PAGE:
Roger Coles has, for many years, organised volunteers to walk the paths to report on their condition so that the Parish Council can arrange the necessary maintenance work, sometimes in conjunction with Kent County Council. The volunteers are known as Hon Footpaths Officers and they have made an large contribution to raising and maintaining the standards of the local paths. However, some of the volunteers have now retired and replacements are needed. If you would like to become involved, even on a very occasional basis, please contact Cllr David Boniface on 01580 211430 or the Clerk to the Parish Council, Anthony Farnfield 01580 212552
email the clerk
“Police and Community Together” (PACT)
POLICE COMMUNITY SUPPORT OFFICER: PCSO Dave Jenkins: mobile 07969 584279. Dial 101 for non-emergencies. Send an email to Dave Jenkins
CONTACT KENT POLICE: :
For all non-urgent incidents or enquiries, call 101
If a crime is in progress or life is in danger, call 999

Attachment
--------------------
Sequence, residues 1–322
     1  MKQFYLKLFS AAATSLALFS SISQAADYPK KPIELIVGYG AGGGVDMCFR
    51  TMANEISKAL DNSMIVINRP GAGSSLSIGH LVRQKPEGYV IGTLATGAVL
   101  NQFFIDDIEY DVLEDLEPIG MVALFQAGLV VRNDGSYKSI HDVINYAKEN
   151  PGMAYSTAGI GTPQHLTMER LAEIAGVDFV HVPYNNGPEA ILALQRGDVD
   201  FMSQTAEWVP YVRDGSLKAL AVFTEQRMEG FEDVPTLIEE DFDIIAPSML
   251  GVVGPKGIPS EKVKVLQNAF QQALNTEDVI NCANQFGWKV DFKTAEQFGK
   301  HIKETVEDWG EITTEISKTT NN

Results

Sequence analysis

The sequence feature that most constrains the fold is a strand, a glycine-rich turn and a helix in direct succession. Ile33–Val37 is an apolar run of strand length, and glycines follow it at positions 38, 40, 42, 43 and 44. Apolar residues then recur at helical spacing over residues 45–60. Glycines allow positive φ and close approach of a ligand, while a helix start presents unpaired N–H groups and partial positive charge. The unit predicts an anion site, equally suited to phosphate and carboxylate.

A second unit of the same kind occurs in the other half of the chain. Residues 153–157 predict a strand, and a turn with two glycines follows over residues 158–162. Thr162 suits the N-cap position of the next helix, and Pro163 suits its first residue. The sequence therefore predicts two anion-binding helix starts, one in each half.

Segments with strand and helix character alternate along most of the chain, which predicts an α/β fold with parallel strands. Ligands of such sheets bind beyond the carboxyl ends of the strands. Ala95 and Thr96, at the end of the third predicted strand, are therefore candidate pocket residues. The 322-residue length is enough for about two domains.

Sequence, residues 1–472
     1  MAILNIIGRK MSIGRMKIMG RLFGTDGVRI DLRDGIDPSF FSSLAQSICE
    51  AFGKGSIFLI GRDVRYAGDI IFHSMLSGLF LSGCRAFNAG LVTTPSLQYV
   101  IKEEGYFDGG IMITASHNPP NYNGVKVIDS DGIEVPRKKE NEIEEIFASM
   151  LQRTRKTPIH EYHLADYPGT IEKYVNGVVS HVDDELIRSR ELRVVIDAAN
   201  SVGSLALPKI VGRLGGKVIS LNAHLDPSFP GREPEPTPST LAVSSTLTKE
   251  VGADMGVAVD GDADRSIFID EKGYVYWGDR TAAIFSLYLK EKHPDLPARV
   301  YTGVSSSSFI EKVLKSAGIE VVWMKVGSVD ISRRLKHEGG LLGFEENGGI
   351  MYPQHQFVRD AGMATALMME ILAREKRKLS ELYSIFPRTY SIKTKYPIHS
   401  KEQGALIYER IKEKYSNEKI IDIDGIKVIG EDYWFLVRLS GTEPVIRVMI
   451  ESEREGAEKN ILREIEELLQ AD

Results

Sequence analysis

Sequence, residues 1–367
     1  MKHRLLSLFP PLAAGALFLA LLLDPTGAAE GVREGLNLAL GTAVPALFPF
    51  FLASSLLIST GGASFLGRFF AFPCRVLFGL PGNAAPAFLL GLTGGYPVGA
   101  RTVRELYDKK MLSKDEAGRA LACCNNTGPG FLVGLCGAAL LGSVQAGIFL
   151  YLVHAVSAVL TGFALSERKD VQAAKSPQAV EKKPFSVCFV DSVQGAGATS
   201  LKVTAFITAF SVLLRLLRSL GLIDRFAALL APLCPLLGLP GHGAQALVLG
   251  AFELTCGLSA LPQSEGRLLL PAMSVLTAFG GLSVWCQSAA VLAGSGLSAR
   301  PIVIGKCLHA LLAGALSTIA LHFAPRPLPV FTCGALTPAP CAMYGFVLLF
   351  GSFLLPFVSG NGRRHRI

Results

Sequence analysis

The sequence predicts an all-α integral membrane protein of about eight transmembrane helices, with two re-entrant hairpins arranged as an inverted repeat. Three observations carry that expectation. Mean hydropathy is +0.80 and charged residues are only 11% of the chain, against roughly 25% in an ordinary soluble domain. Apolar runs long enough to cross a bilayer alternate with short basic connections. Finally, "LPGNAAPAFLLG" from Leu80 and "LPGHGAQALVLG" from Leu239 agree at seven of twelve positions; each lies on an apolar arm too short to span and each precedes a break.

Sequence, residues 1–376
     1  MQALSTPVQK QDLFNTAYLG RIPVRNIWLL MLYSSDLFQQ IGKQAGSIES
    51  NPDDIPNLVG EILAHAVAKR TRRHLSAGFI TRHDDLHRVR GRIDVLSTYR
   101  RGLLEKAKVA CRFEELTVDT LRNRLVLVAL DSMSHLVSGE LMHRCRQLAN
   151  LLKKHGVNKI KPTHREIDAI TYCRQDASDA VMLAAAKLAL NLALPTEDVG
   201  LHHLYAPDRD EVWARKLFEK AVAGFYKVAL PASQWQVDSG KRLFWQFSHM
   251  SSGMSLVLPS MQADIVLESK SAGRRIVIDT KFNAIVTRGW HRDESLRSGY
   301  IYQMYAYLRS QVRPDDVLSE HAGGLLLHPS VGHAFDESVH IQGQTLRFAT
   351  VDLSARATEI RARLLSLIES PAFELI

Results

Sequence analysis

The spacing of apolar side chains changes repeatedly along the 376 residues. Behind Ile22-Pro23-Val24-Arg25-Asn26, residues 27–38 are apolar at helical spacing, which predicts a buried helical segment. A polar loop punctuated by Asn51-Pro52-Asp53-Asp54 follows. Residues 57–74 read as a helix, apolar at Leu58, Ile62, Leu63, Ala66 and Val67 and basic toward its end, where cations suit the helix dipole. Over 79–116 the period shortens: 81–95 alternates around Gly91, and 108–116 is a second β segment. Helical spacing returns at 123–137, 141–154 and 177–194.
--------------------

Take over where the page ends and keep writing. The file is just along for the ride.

If you are deaf or speech impaired, text ‘Police’ and your message to 60066
For news, advice or details of your neighbourhood officer, visit www.kent.police.uk
NEIGHBOURHOOD WATCH CO-ORDINATOR Peter Rolington 01580 212920
See if your home is in an area at risk from flooding
Visit the Environment Agency’s search service. Just enter your postcode and it will show you a map showing flood risk in your area.
Environment Agency Website
The Help the Aged HandyVan service is a unique home security service, where trained HandyVan fitters visit your home and install equipment such as door chains and viewers, window locks and smoke detectors.
A fleet of 35 HandyVans are based around Britain and deliver a free service to those who meet the following criteria:
1. Applicants must be over 60 years of age.
2. Applicants do not pay income tax (excluding tax on personal pensions).
3. Applicant’s disposable savings/assets do not exceed £16,000 (Not including the value of their home).
Everyone is vulnerable to burglary, and the HandyVan service enables people to feel safer in their homes. Prevention is always the key to a safe, secure home and HandyVan fitters will work to help you ensure that your home is free from the risk of burglary.
If you would benefit from the HandyVan service, or you know someone who would, then please call the team on 01255 473 999 or Email
Parish Council news page
Items submitted to this page may be edited. The editor’s decision is final.